04 March – 07 March, 2018
Patagonia’s largest city and the regional capital, Punta Arenas, can be approached by air, a long bus ride, or sea. We opted for the 3.5 hour flight from Santiago on Sky Airline. From the air we got a peek into what was in our future – glaciers and brilliant turquoise lakes.
Although the magnificent granite needles of the Torres del Paine put Chile’s most southerly region on the international map, today many tourists come to this city on the Strait of Magellan to see penguins in all shapes and sizes, or continue to Ushuaia and Antarctica. Our original intent was to head to Ushuaia, the southernmost city in South America, but our plans changed as we continued to fill in the empty spaces on our travel calendar. “Can’t see it all” became our mantra as we narrowed the scope of our trip, so instead we settled for the southerly most city in Chile, Punta Arenas. This industrial city relies on fishing, shipping, petroleum, duty-free retail, and tourism for its continued economic health. Our intent was to take a tour to Isla Magdalena to see the delightful burrowing Magellanic penguins and visit the Chilean sector of Tierra del Fuego National Park, to see the majestic King penguins.
After a short taxi ride to our hostel, we tossed our bags into our room and took to the streets for a short walk along the water.
Day 1 Punta Arenas
The next day before dawn we set off for the office of Solo Expediciones, where we began our tour that took us to Isla Magdalena and Isla Marta. We chose this tour company because of the size of their fleet and their ability to get closer to the sea lions that live on Isla Marta.
Jonathan was our wonderful guide as we boarded the Isla Isabel speedboat and traveled across the choppy channel to Isla Magdalena. He gave us some history on the burrowing Magellanic penguins that we would spend the next hour with, explaining that 80% of them had begun their migration north about 30 days ago and almost all of the chicks had left. There were still plenty to see and a welcoming committee to greet us as we docked. This year they had ~ 44,000 pairs of penguins on the island and we were able to find one fluffy chick that remained behind with mom and dad.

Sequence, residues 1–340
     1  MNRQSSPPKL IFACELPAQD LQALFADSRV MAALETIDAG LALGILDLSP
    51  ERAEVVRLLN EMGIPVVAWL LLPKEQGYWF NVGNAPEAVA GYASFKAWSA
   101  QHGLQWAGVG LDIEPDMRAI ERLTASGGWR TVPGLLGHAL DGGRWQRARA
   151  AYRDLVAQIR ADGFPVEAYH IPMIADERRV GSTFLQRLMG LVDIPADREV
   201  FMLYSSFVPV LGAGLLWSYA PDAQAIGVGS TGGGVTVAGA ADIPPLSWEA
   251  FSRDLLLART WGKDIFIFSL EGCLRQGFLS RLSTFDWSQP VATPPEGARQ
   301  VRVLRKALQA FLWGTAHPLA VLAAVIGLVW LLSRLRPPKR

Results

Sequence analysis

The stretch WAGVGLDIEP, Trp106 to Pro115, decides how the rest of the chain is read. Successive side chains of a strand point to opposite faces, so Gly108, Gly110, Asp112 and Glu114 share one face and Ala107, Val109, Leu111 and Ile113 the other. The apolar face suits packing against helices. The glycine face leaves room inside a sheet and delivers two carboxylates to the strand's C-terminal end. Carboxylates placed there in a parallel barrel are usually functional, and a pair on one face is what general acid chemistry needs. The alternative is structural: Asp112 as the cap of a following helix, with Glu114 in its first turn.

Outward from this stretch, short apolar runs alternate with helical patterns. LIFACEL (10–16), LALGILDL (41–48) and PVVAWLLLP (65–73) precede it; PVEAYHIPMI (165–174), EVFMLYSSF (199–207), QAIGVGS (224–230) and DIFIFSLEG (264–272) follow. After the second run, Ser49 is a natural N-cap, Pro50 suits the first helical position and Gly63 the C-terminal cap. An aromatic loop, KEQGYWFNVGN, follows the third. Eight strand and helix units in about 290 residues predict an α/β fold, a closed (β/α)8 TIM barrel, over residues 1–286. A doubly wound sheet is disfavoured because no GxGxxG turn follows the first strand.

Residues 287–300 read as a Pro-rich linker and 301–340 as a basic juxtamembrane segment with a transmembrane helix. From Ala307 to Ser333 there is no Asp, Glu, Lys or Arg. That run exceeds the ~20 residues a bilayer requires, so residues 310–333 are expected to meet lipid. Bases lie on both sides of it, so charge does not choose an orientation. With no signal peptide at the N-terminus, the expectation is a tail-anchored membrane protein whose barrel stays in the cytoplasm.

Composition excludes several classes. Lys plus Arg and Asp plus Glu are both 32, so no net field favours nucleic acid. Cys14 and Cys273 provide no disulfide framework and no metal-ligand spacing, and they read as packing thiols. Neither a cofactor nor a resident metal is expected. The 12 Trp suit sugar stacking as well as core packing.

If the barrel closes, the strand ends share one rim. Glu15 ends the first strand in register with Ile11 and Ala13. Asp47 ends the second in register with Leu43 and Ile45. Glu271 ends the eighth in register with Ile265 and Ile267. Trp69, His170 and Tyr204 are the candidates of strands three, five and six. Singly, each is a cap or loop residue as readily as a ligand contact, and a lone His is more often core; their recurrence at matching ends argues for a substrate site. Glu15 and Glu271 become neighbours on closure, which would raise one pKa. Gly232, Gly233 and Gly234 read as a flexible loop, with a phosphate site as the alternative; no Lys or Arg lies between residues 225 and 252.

Our time had ended and we were back on the boat to hopefully get close to Isla Marta, in search of sea lions. Weather allowed our approach and we climbed to the outside bow of the boat for some photo ops.
Day 2 Punta Arenas
Rainy day in Punta Arenas allowed us time to explore, book our tour for the next day, and enjoy some of the local fare. La Marmita Restaurante was highly recommended and was so wonderful that we dined there twice. Braised lamb in red wine, guanaco, sweet corn pie, local greens, and figs stuffed with nuts and a spun-sugar crown dazzled our palates.
Day 3 Punta Arenas
A recommendation from Alison of Adventures in Wonderland led us to Turismo Laguna Azul, where we booked our much-anticipated King penguin tour. Another early morning for us and what would prove to be a late night brought us to our first national park in the country, Tierra del Fuego National Park. A large island off the southern coast of South America houses what is one of only three King penguin colonies outside of Antarctica, or so we were told by our colorful guide Diego. As a side note, when I asked our guide Diego where he would visit in the United States if he could, his response was “Burning Man”, which is an annual gathering in northwest Nevada. It is described as an “annual experiment in temporary community dedicated to radical self-expression and self-reliance”. 🙂
You really have to want to see King penguins to do this tour, unless you love crazy-long days (7:30 am – 10:30 pm) traveling across wind-swept steppes, on gravel roads strewn with potholes, in close quarters with 12-15 of your newest best friends, and on crowded ferries. Yes, we wanted to see them that much, even though our time with the penguins was for only an hour of this day. Would we do it again? Heck yes!
The colony of King penguins we saw had established themselves at Estancia San Clemente on Bahía Inúit (Useless Bay) and have made their annual pilgrimage for the past 11 years. This colony consists of ~ 150 penguins, although we weren’t sure just how many we were viewing from our secure platform across the inlet. Besides the majesty of these wild creatures, the sound they exhale as they throw back their heads to sing is eerie and beautiful all at once, an odd-pitched whirring clamor. We were in awe.
A short stop in the port town of Porvenir rounded out our day. Although it looked like an interesting little borough, we had little time to visit the small museum and grab dinner before we had to leave for the ferry. One of our German travel mates almost caused us to miss the boat as he disappeared and couldn’t be found until minutes before it was time for the ferry to depart. He was not the most popular guy on the shuttle after his disappearing act. 😉
Next Up: Time to Hike in Torres de Paine National Park
36 thoughts on “Penguins, Parks, & Ports ~ Punta Arenas, Chile”
Delicious food, adorable penguins, and icebergs… what’s not to love? Sounds like an amazing 3 days. Can’t wait to read about Torres del Paine!
That’s up next, whenever I have time and internet. You know how that goes!